As the noble Lord will know from having looked at the science, one thing that came out of the research by the noble Lord, Lord Krebs, was that you could not stop culling after one year—you had to continue it for several years, otherwise there would be an adverse effect. Therefore, the culling will continue in the areas in which it was started, as was always planned. That is based upon scientific advice from the noble Lord, Lord Krebs. As I am sure the noble Lord will know, there was a reduction in the incidence of bovine TB in the randomised control areas that were looked at, but that reduction was only around 16%, and therefore other strategies are needed too.

My Lords, as the Minister will be aware, the efficacy of the pilot can be evaluated properly only if both the number of badgers at the start and the number killed are known. As noble Lords will recall, last year the badgers notoriously changed the goalposts at the last minute. How precisely will the number of badgers be estimated in the future pilot cull? Can she in particular confirm that Defra will not rely on the numbers reported by the contractors, as the independent expert panel advised that those numbers were quite unreliable? For example, the contractors initially claimed to have shot more than one badger per bullet fired.

Perhaps they were all lined up. We could recently have done with some moving of goalposts in Brazil, could we not? The noble Lord is right to emphasise the importance of a much more comprehensive coverage. He will know from his own trials that in many of the areas he was working in, the process started slowly and picked up. There are a number of recommendations in the independent expert panel report about how to ensure that there is more systematic and comprehensive coverage, and we are taking those recommendations forward.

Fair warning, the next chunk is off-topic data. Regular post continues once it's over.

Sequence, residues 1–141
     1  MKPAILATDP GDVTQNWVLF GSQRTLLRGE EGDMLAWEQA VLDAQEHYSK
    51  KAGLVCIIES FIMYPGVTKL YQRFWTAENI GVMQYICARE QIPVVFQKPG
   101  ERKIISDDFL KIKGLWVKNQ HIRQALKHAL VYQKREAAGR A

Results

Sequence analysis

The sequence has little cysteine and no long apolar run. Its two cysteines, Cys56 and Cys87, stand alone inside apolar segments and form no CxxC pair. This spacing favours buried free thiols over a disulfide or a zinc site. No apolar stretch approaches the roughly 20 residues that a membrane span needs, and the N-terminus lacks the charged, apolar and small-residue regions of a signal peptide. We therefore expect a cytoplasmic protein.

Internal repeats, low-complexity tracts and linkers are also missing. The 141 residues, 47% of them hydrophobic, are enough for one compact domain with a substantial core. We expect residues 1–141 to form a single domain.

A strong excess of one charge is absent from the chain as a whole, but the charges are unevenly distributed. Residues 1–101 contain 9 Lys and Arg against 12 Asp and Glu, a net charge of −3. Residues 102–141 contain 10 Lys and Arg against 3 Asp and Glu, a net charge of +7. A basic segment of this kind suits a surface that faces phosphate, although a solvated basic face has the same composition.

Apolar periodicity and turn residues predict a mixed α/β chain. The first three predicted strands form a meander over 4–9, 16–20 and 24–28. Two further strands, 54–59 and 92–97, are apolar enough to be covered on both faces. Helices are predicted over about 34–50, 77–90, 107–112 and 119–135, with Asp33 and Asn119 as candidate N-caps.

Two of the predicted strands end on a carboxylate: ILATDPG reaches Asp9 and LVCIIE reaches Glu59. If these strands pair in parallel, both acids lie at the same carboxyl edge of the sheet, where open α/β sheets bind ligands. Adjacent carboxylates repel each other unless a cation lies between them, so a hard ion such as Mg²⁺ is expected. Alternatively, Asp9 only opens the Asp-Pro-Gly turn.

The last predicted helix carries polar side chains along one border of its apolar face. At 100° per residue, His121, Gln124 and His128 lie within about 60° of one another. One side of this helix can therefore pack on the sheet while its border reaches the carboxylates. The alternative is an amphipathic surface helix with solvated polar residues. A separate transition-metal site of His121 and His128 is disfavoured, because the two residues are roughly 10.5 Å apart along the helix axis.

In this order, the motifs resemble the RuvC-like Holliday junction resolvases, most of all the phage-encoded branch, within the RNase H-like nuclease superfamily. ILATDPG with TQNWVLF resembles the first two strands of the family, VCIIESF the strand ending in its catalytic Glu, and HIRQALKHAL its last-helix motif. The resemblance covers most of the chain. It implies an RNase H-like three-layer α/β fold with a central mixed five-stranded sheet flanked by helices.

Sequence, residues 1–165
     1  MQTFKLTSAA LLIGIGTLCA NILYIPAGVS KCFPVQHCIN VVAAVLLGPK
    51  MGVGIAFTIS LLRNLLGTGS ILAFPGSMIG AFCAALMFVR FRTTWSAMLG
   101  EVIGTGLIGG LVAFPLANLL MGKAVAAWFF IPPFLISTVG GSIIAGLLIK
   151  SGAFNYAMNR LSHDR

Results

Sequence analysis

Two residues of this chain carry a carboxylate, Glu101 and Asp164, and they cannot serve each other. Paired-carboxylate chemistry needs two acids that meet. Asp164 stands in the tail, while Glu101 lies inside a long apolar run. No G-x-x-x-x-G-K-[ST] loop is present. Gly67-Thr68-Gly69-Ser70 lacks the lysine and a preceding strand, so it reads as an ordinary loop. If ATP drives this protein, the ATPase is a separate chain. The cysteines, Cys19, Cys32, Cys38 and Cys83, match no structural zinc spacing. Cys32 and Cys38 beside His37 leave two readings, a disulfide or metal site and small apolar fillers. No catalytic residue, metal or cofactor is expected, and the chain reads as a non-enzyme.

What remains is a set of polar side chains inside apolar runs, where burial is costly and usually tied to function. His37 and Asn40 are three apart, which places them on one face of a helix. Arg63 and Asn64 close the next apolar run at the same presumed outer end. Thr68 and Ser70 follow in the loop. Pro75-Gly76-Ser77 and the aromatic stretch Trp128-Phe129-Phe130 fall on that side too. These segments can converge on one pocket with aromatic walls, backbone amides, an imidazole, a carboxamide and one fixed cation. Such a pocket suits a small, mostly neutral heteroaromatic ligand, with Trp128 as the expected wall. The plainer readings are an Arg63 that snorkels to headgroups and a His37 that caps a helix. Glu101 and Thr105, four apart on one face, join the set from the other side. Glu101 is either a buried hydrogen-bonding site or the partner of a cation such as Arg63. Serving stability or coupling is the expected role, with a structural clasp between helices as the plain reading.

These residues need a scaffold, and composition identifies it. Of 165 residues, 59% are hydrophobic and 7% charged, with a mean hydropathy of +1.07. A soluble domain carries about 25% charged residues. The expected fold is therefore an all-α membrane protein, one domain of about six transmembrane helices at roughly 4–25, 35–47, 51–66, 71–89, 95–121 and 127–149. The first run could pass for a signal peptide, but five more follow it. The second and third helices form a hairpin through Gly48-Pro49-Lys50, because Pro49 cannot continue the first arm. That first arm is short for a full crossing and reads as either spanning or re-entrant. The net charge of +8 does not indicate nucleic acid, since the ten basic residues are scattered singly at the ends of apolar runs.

My Lords, as the Minister who initiated the recommendations of the noble Lord, Lord Krebs, at the beginning of this very serious problem—which we know is complicated not only by science but by the ability of badgers to evade culls of whatever kind—I remind your Lordships’ House that the cost of this problem of tuberculosis in cattle now exceeds £1 billion to the taxpayer, let alone the distress caused to those in our dairy industry who see their herds and livelihoods destroyed at the same time. We urgently need to find a solution and I suggest to the Minister that it should occur in a much shorter timescale than is currently envisaged. Although I welcome the strategy, the timescale is something that we can ill afford. If this problem endures, the cost to the taxpayer and our dairy industry will be between £2 billion and £3 billion.

The noble Lord is absolutely right to bring us back to that. I would also point out that it is also not in the badgers’ interests to have bovine TB running through their population. Therefore, whichever animal one is concerned about, but in the interests of both, it is a problem that must be tackled.